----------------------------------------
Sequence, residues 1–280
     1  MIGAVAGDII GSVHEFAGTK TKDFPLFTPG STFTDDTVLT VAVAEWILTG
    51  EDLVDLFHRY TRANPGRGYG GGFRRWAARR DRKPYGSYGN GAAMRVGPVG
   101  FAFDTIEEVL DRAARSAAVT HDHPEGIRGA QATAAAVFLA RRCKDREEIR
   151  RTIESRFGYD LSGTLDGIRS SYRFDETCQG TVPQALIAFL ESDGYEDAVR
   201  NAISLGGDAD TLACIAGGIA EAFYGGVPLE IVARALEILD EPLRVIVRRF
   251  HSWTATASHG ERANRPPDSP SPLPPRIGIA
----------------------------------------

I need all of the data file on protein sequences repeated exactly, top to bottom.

Sequence, residues 1–280
     1  MIGAVAGDII GSVHEFAGTK TKDFPLFTPG STFTDDTVLT VAVAEWILTG
    51  EDLVDLFHRY TRANPGRGYG GGFRRWAARR DRKPYGSYGN GAAMRVGPVG
   101  FAFDTIEEVL DRAARSAAVT HDHPEGIRGA QATAAAVFLA RRCKDREEIR
   151  RTIESRFGYD LSGTLDGIRS SYRFDETCQG TVPQALIAFL ESDGYEDAVR
   201  NAISLGGDAD TLACIAGGIA EAFYGGVPLE IVARALEILD EPLRVIVRRF
   251  HSWTATASHG ERANRPPDSP SPLPPRIGIA